Piloting a car takes 70 calories per hour, 10 calories more than being a passenger. It costs $8,500 to own and operate a car for a year, or 35 cents a passenger mile. The average speed of a car trip is 33 mph. In the average commute time of 20 minutes, you can cover 11 miles in a car. Only 20% of car miles traveled are for work, another 20% is for recreation and musing, and the rest is for other errands.
Your chances of dying in traffic are 0.8 per 100 million miles traveled, based on 42 thousand fatalities in 5 trillion passenger miles. At the average speed of 33 mph, your chances of dying in traffic are 27 in 100 million hours.
A standard traffic lane is 12 feet wide, though a car is only 6 feet wide and a truck or bus is 8 feet wide. The extra space is to allow for comfort of steering. As vehicles need 2 seconds of clear space between them, a car at 33 MPH needs 100 feet between vehicles. So the average car needs 3% of an acre of road for itself, lane comfort, and stopping distance. The most important part of any journey in traffic is parking in a 9’ x 18’ paved space at either end. After all, you cannot enjoy a place unless you can get out of your car, and you can’t just leave it sitting in the way of other cars. Each car needs at least 1% of an acre for parking, bringing its total space needs to 4%. Overall, an area about the size of West Virginia is paved for roads and parking to accommodate traffic, an average of 6.5% of an acre for each of 240 million cars, trucks and SUVs. Per car occupant, this works out to =6.5/1.6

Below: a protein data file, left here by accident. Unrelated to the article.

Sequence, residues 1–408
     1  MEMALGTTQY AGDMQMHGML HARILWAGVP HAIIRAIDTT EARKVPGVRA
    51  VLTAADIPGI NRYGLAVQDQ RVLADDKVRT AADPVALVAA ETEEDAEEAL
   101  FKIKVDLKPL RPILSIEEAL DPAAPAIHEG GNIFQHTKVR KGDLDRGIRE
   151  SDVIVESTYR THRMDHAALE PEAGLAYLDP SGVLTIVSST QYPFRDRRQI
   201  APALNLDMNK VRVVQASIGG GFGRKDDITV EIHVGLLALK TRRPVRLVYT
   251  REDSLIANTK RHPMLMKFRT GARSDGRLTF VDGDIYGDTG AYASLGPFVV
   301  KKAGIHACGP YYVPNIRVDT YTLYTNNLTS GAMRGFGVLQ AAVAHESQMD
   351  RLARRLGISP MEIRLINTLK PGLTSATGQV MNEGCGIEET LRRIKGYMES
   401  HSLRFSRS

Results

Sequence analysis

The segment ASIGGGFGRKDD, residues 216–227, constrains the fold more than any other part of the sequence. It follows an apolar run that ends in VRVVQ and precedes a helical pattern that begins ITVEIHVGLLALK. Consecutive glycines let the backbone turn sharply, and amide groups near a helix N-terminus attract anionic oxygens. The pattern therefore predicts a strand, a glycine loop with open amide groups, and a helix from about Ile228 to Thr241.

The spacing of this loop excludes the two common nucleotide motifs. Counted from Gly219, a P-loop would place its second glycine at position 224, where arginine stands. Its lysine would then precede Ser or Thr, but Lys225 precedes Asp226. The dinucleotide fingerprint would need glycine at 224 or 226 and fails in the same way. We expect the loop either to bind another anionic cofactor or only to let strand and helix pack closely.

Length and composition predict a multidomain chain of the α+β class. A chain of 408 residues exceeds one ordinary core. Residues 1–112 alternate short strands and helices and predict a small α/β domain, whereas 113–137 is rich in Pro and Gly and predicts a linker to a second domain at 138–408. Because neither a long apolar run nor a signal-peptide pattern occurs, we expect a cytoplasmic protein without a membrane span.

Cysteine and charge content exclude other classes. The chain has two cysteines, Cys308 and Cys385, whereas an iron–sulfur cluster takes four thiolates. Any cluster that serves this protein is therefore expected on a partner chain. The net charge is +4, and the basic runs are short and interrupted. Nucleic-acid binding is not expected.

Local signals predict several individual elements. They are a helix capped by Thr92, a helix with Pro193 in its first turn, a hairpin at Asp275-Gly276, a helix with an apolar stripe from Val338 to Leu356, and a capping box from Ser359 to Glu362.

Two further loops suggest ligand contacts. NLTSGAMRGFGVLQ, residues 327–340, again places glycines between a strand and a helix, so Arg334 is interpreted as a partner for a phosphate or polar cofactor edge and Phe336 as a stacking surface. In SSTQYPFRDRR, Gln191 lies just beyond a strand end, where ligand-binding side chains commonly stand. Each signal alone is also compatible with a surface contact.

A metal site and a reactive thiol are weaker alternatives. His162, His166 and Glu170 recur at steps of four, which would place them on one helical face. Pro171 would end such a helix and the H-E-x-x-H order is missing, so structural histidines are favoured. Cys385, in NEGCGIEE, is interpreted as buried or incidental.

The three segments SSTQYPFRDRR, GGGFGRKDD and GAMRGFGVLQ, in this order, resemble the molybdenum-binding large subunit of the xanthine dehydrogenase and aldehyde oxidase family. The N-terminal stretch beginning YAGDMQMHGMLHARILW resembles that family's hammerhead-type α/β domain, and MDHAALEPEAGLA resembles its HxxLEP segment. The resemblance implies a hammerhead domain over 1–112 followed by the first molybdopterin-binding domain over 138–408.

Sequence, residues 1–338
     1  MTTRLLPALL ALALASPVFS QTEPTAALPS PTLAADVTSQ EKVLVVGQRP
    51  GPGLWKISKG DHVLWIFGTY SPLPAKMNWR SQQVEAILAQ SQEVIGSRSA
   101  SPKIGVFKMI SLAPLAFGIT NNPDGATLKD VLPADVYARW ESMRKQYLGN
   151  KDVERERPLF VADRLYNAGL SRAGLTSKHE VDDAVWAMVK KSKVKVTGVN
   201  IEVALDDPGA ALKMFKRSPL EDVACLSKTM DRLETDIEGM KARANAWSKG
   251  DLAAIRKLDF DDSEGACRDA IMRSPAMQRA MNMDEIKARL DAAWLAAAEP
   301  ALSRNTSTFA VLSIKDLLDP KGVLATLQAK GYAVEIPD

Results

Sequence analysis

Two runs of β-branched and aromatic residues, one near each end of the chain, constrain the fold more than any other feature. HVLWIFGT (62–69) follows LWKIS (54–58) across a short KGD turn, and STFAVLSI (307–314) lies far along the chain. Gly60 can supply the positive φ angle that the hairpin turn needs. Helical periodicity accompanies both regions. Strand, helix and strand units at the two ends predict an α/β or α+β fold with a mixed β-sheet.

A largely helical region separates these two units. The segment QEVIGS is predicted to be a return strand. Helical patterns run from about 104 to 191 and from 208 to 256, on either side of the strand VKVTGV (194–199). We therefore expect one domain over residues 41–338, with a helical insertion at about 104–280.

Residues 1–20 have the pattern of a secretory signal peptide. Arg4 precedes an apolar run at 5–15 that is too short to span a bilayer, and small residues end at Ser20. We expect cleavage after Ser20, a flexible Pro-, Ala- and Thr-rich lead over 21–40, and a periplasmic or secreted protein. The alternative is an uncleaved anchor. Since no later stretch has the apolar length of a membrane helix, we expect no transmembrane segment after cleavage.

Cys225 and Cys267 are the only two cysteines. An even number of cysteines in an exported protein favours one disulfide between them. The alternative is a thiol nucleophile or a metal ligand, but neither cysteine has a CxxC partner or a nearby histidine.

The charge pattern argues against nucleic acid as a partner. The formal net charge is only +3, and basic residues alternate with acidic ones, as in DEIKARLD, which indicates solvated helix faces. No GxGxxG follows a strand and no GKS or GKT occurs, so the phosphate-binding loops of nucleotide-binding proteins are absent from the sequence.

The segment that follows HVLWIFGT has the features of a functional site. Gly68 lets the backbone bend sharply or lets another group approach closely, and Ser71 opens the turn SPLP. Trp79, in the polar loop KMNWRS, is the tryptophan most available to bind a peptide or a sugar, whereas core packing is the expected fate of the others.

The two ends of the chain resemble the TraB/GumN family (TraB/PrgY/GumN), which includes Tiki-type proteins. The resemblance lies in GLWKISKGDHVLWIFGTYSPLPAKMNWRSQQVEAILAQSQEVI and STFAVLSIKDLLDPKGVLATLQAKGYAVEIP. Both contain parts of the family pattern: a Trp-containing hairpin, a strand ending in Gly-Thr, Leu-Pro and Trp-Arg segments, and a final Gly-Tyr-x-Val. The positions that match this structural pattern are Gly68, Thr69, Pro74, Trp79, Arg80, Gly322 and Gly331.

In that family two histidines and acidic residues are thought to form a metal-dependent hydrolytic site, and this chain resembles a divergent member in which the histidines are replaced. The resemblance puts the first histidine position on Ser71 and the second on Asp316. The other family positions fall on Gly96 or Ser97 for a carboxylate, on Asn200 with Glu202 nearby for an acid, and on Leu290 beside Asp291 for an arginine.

The nationwide average occupancy of a vehicle in traffic is 1.6 people per car. The maximum capacity of a lane of traffic is 2,000 vph, or 3,200 pph. As traffic approaches this capacity, the quality and safety of the route declines dramatically, causing drivers to slow down and reduce the capacity of the route. The design capacity of most lanes is closer to 500 vph as a result. The energy consumption by cars is 3,360 BTU per passenger mile, based on 3 trillion VMT.
The cost of building roads is between 500k and 6 million per lane mile, depending on the function and setting of the roadway. Roadways can be built piecemeal, paving an intersection or block at a time as traffic demands. This is how we’ve built 8.5 million lane miles in the last century. The public cost of maintenance for roads is $9,000 per lane mile for government agencies, but $230,000 per lane mile for drivers on the roads, for a maintenance bill of 76 billion dollars in 2002, and an operations bill of 1.9 trillion dollars, paid by all of us. 1.9 trillion is about 13% of our GDP, by the way. Federal subsidies are mostly in the form of a trust fund, fed by the gas tax. This user fee collects the most from those that use the roads most: long distance drivers in heavy vehicles. Gas Tax revenues to the highway trust fund only covers about 30% of the 112 billion we spend on road construction and maintenance every year.